Be careful to not repeat the same exercise routine each day. If you do an intense ab workout one day, try switching it up to general cardio the next. You can also squeeze in a day of light walking to break up the intensity.

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            If you’re a morning person, check out these morning exercises that will start your day off right.

            2. Duration Doesn’t Substitute for Intensity

            Once you get into the habit of regular exercise, where do you go if you still aren’t reaching your goals? Most people will solve the problem by exercising for longer periods of time, turning forty-minute workouts into two hour stretches. Not only does this drain your time, but it doesn’t work particularly well.

            One study shows that “exercising for a whole hour instead of a half does not provide any additional loss in either body weight or fat”[1].

            This is great news for both your schedule and your levels of motivation. You’ll likely find it much easier to exercise for 30 minutes a day instead of an hour. In those 30 minutes, do your best to up the intensity to your appropriate edge to get the most out of the time.

            3. Acknowledge Your Limits

            Many people get frustrated when they plateau in their weight loss or muscle gaining goals as they’re learning how to get in shape. Everyone has an equilibrium and genetic set point where their body wants to remain. This doesn’t mean that you can’t achieve your fitness goals, but don’t be too hard on yourself if you are struggling to lose weight or put on muscle.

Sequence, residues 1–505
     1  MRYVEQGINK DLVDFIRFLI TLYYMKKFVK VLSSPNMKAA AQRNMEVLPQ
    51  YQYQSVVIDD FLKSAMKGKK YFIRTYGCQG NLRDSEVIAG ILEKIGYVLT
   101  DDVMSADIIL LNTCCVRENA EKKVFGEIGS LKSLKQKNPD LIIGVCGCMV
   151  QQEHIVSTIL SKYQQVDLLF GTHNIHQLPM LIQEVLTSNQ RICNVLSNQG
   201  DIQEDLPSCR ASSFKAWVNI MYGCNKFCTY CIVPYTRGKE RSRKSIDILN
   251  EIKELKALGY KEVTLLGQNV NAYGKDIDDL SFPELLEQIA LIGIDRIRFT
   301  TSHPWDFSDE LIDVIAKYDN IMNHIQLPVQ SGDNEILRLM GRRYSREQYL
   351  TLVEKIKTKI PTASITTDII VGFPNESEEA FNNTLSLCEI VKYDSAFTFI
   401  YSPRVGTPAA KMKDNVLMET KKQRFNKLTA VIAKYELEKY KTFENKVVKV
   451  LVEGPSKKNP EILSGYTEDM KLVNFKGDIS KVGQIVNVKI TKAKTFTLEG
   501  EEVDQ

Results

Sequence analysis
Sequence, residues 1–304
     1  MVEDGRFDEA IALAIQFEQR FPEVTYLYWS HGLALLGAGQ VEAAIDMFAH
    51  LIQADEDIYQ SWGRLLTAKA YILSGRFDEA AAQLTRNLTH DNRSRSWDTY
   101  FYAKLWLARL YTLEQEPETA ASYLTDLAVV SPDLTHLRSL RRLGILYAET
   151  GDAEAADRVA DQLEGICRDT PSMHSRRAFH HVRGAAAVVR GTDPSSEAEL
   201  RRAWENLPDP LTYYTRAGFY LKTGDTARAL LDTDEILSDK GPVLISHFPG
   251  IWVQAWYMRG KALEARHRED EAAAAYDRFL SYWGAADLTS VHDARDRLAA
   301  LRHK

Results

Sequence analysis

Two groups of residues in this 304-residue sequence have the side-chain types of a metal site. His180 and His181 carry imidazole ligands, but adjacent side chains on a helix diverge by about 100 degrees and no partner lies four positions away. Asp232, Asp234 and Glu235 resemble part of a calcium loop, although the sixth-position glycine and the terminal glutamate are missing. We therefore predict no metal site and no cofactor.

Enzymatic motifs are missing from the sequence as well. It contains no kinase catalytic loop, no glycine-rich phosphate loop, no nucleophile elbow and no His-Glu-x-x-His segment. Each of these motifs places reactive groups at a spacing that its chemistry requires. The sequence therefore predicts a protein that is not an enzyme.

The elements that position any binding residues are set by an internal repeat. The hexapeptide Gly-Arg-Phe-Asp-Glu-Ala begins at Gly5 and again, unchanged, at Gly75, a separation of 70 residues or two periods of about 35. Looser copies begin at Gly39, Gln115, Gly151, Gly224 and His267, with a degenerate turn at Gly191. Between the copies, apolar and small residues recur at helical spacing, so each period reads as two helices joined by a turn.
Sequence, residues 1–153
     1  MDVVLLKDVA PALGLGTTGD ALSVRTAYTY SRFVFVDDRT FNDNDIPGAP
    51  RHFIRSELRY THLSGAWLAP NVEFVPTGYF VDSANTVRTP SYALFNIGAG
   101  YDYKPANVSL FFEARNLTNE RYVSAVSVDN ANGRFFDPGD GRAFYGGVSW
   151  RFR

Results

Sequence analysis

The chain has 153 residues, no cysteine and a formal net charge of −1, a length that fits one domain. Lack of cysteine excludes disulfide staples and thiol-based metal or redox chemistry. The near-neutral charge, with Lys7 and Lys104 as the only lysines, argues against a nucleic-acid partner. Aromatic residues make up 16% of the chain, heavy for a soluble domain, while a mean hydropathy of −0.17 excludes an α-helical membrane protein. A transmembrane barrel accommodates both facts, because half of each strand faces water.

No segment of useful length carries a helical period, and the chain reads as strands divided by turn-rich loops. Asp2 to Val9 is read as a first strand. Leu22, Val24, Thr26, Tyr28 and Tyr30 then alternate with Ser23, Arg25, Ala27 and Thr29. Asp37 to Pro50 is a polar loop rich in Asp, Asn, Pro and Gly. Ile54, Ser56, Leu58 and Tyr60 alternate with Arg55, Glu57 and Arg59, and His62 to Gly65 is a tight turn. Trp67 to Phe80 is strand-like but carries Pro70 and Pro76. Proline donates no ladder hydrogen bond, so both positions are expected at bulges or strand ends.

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            Acknowledging a set point doesn’t mean giving up, but it does mean realizing the obstacles you face.

            Expect to hit a plateau in your own fitness results[2]. When you expect a plateau, you can manage around it so you can continue your progress at a more realistic rate. When expectations meet reality, you can avoid dietary crashes.

            4. Eat Healthy, Not Just Food That Looks Healthy

            Know what you eat. Don’t fuss over minutia like whether you’re getting enough Omega 3’s or tryptophan, but be aware of the big things. Look at the foods you eat regularly and figure out whether they are healthy or not. Don’t get fooled by the deceptively healthy snacks just pretending to be good for you.

            The basic nutritional advice includes:

            • Eat unprocessed foods
            • Eat more veggies
            • Use meat as a side dish, not a main course
            • Eat whole grains, not refined grains[3]

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            Eat whole grains when you want to learn how to get in shape.

              5. Watch Out for Travel